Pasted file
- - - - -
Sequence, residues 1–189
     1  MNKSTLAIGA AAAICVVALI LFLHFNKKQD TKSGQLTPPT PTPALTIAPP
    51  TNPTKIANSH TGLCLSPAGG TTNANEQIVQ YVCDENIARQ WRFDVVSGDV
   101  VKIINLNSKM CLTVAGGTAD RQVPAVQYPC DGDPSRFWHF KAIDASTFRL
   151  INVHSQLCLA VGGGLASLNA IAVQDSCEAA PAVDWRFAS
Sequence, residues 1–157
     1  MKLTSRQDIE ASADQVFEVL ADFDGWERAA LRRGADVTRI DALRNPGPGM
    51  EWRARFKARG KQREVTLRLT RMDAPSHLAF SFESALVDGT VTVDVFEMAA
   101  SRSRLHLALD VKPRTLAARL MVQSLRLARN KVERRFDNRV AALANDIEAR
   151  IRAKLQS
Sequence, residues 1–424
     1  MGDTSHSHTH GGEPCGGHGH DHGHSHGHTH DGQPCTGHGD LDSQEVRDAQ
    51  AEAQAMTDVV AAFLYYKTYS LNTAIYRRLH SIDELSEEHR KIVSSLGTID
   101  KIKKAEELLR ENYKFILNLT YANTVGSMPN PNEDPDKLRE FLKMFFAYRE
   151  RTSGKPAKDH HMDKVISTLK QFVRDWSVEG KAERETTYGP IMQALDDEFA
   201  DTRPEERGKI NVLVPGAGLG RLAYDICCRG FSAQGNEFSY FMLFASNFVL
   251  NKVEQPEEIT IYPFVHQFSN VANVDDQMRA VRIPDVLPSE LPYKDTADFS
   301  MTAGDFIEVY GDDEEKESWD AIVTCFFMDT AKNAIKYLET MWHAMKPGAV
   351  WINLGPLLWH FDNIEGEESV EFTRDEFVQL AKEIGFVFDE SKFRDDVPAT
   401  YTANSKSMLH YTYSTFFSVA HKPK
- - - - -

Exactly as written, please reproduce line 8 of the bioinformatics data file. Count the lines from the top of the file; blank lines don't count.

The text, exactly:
    51  EWRARFKARG KQREVTLRLT RMDAPSHLAF SFESALVDGT VTVDVFEMAA